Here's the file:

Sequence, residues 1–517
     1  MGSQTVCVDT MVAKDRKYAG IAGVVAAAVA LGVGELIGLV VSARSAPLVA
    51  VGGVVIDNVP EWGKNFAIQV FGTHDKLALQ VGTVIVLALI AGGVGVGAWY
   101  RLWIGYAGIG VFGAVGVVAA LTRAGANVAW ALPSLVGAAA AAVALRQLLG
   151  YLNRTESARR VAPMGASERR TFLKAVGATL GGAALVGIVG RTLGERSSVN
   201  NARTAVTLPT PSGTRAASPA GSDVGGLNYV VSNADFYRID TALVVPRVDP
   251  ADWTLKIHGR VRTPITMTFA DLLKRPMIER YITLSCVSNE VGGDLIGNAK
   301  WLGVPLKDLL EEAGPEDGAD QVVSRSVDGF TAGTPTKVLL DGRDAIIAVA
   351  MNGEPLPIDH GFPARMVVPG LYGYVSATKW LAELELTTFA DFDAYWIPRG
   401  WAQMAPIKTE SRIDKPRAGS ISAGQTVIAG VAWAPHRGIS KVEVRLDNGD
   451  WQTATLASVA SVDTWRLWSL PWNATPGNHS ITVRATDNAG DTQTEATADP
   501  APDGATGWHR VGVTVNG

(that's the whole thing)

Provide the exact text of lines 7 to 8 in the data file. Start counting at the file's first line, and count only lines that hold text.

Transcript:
   251  ADWTLKIHGR VRTPITMTFA DLLKRPMIER YITLSCVSNE VGGDLIGNAK
   301  WLGVPLKDLL EEAGPEDGAD QVVSRSVDGF TAGTPTKVLL DGRDAIIAVA